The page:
Volunteers brighten up Brinsley Headstocks with woodland flowers

Volunteers brightening up the Brinsley Headstocks site with woodland wildflowers.
Volunteers brightening up the Brinsley Headstocks site with woodland wildflowers.

Hundreds of woodland wildflowers have been planted to brighten up an award-winning nature reserve at the Brinsley Headstocks site in time for spring.

The Mayor of Broxtowe, Coun Derek Burnett, joined conservation volunteers to work in a newly coppiced area of woodland that was planted in the year 2000 to celebrate the millennium.

The project was overseen by the Friends of Brinsley Headstocks group as part of Broxtowe Borough Council’s Clean And Green intitiative.

Coppicing is a woodland craft that involves cutting selected trees to the ground and allowing them to regrow, providing sustainable timber for traditional fencing, hurdles and hedgelaying. Coppiced woodland also provides a tremendous habitat for wildlife.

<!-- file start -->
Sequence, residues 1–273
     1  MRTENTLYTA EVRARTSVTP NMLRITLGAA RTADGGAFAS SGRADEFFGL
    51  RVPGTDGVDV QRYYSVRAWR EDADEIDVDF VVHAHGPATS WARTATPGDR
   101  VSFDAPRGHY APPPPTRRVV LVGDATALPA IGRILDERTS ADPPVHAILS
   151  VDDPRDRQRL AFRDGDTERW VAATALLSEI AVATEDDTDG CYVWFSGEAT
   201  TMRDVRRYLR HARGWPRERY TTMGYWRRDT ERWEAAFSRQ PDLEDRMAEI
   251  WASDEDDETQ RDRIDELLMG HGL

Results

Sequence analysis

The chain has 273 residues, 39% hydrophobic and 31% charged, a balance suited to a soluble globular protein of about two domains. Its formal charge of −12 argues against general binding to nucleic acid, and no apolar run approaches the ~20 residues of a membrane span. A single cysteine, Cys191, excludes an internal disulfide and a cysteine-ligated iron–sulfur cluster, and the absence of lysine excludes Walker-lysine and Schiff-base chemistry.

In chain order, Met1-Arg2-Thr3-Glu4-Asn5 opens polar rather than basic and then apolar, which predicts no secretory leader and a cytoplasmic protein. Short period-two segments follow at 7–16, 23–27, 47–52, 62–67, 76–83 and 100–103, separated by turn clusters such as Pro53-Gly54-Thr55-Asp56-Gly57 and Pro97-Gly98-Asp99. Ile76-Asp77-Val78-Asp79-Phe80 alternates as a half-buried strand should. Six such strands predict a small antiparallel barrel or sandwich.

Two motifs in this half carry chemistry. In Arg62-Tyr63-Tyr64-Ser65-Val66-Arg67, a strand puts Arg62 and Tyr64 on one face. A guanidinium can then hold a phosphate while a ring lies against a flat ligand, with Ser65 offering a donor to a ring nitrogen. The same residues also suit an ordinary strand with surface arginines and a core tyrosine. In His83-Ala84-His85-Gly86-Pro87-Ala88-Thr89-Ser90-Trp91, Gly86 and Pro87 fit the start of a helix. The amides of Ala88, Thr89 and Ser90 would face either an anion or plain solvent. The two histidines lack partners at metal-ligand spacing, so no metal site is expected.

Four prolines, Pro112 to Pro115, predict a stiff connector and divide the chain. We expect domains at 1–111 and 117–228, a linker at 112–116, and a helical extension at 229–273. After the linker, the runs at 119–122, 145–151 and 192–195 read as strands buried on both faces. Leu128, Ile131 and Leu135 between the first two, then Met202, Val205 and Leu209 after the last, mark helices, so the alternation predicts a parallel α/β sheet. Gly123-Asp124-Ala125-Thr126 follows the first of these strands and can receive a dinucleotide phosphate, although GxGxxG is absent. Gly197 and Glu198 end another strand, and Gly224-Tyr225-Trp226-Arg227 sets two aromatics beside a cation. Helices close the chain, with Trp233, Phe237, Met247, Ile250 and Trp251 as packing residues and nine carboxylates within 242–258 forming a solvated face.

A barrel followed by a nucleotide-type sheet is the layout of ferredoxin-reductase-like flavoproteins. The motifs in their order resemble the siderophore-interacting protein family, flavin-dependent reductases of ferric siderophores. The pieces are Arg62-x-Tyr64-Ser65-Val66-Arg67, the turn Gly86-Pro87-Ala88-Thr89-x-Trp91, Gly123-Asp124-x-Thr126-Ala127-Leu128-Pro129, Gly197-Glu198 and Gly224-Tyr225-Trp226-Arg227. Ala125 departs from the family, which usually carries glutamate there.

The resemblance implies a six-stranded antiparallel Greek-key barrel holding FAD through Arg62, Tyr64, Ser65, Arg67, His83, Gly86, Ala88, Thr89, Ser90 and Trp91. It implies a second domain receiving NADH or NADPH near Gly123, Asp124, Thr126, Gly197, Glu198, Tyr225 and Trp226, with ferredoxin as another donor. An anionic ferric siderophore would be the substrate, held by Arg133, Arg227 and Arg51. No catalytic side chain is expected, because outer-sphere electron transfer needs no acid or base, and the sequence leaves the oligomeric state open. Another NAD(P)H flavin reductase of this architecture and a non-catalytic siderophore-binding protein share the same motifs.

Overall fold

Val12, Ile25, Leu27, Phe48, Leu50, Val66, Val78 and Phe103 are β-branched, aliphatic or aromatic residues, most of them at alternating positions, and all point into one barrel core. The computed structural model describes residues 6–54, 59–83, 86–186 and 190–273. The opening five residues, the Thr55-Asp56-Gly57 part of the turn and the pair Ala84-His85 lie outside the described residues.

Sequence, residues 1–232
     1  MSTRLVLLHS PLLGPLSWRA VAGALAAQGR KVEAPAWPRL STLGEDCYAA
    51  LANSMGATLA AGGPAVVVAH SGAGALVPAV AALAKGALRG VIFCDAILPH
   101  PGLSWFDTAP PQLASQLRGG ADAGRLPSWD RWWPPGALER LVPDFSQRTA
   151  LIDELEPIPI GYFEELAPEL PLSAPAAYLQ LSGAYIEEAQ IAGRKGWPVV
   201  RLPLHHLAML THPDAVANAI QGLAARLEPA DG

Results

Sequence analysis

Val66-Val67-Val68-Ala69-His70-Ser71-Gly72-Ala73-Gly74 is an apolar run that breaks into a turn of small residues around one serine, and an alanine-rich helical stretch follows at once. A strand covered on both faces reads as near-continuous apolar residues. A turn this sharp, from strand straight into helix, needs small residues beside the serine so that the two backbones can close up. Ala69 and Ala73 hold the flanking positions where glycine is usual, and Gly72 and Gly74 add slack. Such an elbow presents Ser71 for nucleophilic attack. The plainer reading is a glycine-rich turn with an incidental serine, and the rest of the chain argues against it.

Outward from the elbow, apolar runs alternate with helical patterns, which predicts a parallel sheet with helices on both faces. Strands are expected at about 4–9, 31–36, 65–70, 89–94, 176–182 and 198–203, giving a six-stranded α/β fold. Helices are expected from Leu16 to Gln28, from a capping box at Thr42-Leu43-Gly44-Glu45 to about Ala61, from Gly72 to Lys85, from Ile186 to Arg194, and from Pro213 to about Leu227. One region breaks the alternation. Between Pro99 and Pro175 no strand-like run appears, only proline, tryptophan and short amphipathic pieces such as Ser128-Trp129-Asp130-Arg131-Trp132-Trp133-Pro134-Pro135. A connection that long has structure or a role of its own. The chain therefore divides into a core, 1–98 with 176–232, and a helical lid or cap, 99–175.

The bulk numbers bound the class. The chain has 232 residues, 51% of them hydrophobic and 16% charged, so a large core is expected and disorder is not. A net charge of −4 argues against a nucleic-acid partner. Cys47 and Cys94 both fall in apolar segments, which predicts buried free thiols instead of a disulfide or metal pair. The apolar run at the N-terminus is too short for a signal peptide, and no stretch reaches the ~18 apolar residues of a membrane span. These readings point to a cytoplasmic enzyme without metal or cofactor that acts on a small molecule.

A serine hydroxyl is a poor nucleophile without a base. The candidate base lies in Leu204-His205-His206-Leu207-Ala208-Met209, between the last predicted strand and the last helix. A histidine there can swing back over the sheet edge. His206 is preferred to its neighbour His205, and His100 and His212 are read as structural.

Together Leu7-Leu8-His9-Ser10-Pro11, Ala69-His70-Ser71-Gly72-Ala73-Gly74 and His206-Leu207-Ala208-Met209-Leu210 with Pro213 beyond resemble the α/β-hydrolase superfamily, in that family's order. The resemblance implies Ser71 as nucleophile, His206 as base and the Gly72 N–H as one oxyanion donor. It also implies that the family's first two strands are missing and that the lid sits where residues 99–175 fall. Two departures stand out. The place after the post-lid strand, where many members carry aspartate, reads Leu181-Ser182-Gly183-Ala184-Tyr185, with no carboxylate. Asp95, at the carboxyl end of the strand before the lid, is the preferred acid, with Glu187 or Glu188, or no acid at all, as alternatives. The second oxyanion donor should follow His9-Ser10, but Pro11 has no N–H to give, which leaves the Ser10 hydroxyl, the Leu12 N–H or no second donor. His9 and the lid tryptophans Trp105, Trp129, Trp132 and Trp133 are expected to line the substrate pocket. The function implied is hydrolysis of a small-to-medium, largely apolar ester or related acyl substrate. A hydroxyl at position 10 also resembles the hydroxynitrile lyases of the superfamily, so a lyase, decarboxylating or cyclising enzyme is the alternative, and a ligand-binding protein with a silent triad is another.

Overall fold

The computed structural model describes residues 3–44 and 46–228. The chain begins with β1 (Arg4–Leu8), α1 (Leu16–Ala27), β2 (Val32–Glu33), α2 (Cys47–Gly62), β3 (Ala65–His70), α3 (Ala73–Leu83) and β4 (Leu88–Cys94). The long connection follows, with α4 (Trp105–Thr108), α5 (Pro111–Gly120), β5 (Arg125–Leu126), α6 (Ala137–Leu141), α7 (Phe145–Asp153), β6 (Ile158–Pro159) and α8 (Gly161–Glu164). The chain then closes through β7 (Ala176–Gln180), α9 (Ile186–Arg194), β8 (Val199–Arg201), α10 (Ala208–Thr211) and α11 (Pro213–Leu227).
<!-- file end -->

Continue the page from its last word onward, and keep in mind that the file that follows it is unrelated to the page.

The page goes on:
A spokesman for the council said: “The volunteers planted hundreds of bluebells, primroses and wood anemones that will make a fantastic spring display for years to come, in addition to providing food plants and nectar for a variety of wildlife.”

The former mining site is a popular countryside space for visitors and has won a 2018/19 Green Flag award, which is the benchmark national standard for publicly accessible parks.

The wildflower project was funded by United Living, one of the council’s partners and also one of the UK’s leading providers of refurbished and new-build homes and other buildings.

The Friends of Brinsley Headstocks group is a voluntary community organisation formed ten years ago to help maintain and develop the regenerated ex-pit site.

It works in partnership with the council and other groups to develop the area as a heritage and nature reserve that is open to the public.

The Friends group is always on the lookout for new volunteers. If you would like to get involved in conserving the Headstocks site, please contact the group via its Facebook page.

Many of the people who worked on the Brinsley project are members of the Practical Conservation Volunteers group, which helps with schemes at all kinds of parks, green spaces and nature reserves “to fulfil their vision of a better environment”.

These volunteers work in partnership with local councils and other landowners to develop and implement projects that transform outdoor spaces, enhancing the wellbeing of nearby residents and enabling them to contribute positively to their community.